Blagg: Salvaged from the sea
In the early morning hours of Sept. 25, 1925, a small dark shape made its way toward the open Atlantic off Block Island, R.I.
She was the U.S. submarine S-51, with a crew of 32. Lookouts aboard the sub spotted a small freighter, the SS City of Rome, on a converging course.
The Rules of the Road mandated that the sub maintain her course, allowing the freighter to alter its heading to avoid a collision. But despite the lights being shown aboard S-51, the freighter continued on toward a meeting point.
So the sub’s commander, Lt. Rodney H. Dobson, ordered a change.
At the last minute, to his horror, he saw that the freighter had also changed course, and the two vessels collided. The City of Rome’s bow punched a fatal hole in the sub’s hull and within minutes she had plunged to the ocean floor, 150 feet below.
Only three of the 38 crew members survived the freezing water — the City of Rome did not stop to pick them up.
In the three years following the sinking, a Navy salvage crew, under the command of Lt. Cmdr. Edward Ellsberg, succeeded in raising S-51 — and her drowned crew — to the surface and in towing her to the Brooklyn Navy Yard.
It was an unprecedented feat. New techniques and tools had to be invented on the spot. A new underwater cutting torch (the Ellsberg Torch), a new hose nozzle for washing away ocean bottom, specially designed buoyancy pontoons and a method of placing them next to the sub, new portable floodlights ... a whole host of cutting-edge work was necessary to make the salvage possible.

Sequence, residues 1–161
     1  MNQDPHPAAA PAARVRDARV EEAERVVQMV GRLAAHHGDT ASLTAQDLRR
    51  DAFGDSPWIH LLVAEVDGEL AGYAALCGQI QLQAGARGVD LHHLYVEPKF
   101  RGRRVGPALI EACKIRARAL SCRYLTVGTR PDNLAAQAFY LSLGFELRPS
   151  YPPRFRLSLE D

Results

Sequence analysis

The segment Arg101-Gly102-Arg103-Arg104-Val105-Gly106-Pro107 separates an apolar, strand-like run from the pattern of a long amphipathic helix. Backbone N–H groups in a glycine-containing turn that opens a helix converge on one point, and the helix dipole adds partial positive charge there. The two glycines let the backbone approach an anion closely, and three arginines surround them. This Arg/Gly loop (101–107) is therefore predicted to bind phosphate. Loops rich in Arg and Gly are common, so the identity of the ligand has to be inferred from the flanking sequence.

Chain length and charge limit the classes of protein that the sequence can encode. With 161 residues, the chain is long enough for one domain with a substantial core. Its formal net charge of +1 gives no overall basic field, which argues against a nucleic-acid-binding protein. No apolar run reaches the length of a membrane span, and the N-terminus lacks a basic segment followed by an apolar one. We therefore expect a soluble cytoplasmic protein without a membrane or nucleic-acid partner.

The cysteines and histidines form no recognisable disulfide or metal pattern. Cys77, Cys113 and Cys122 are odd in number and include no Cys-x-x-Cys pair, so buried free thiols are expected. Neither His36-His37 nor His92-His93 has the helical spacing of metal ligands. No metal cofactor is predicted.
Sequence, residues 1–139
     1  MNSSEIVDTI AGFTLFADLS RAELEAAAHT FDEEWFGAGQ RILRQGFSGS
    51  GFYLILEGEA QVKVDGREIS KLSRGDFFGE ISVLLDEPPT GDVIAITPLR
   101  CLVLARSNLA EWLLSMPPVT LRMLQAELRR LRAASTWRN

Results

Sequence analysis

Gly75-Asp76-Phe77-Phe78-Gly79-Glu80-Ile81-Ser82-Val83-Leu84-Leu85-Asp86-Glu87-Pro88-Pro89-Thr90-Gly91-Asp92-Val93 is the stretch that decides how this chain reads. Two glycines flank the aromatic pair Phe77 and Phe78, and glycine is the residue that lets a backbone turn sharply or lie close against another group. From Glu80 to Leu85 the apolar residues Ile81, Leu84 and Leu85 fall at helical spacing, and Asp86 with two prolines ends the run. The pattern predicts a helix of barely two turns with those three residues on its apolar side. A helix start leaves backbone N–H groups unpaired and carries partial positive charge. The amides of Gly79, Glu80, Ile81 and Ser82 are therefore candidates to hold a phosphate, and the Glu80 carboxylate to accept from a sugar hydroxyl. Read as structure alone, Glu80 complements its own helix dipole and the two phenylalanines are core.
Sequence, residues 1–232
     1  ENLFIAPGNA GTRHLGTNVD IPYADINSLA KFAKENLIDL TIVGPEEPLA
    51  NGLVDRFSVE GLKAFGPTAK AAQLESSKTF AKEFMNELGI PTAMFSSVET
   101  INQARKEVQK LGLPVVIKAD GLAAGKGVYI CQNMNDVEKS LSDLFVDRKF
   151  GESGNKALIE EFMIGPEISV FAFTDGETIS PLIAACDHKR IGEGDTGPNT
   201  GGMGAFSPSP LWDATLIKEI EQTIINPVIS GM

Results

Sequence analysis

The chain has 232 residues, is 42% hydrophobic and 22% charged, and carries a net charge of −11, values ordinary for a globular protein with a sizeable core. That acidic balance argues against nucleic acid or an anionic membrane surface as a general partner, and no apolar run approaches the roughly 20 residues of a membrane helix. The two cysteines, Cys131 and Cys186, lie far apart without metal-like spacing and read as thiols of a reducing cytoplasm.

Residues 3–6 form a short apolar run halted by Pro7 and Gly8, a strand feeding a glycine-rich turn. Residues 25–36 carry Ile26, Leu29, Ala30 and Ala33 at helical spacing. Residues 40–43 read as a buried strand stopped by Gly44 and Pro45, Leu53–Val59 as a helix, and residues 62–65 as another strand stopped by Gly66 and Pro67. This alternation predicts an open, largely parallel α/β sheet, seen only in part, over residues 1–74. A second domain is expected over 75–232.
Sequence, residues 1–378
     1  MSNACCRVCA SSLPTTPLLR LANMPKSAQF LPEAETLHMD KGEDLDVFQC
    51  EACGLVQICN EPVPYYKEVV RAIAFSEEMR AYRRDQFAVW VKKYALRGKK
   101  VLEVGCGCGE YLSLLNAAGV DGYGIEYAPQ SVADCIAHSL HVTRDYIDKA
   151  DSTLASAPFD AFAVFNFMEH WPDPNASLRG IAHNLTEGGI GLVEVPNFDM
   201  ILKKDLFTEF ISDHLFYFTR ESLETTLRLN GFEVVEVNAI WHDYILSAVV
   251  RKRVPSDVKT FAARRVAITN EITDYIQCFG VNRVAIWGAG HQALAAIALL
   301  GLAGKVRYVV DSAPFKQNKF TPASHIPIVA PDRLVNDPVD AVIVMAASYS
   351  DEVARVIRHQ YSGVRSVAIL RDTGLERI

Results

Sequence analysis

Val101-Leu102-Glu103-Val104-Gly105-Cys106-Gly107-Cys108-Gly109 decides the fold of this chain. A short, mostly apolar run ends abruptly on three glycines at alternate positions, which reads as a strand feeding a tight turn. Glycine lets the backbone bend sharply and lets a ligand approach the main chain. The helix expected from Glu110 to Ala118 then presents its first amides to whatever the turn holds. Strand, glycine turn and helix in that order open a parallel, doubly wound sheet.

Several men were seriously injured by working at that depth, which was at the limit for the hard-hat diving suits of the day ... scuba gear had not yet been invented.
The loss of S-51, and of S-1 a few years later, forced the Navy to rethink its submarine rescue procedures, and as a result the McCann rescue bell and Momsen escape gear were invented and distributed.
Ellsberg’s classic book on the S-51 salvage effort, “On The Bottom” is one of my favorites, as are his others on his work during WWII in North Africa, Ethiopia and Normandy, for which he was promoted to rear admiral and awarded the Order of the British Empire.
I was reminded of all this while watching the salvage work on the cruise ship Costa Concordia, 20 months after it ran aground off the island of Giglio, Italy.
The work on the Costa Concordia — a 114,000-gross-ton ship that’s 951 feet long — is the biggest ever.
True. But let’s not forget that a British salvage expert raised five of the sunken German battleships in Scapa Flow after they were scuttled by their crews following WWI. And after the Pearl Harbor attack, the Navy successfully returned to service six of the eight battleships sunk or damaged by the Japanese. Those ships displaced about 30,000 tons and were 600 feet long — not a simple job, to be sure.
The cruise ship was lying on its side on the rocks, so the salvagers attached metal boxes to the upper side and then ran cables from them under the ship to large winches on the shore. By pumping water into the boxes and pulling on the cables, they succeeded in rolling the ship upright into a steel frame on the bottom of the sea.
Next, they will attach similar boxes to the other side and then pump air into both sets, providing enough buoyancy to refloat the ship.
Then it’s off to a drydock in Sicily to be cut up for scrap.
The accident killed 32 people, and the captain is on trial for manslaughter. The salvage project has, so far, cost more than $800 million and is expected to cost much more before the operation is complete.
As was the case in the S-51 disaster, the root cause was human error and the real price was paid in human lives.
Blagg has been Editor of The Recorder since 1986. He lives in Greenfield and is a military historian with an interest in local history. He can be reached at: firstname.lastname@example.org or 413-772-0261, ext. 250.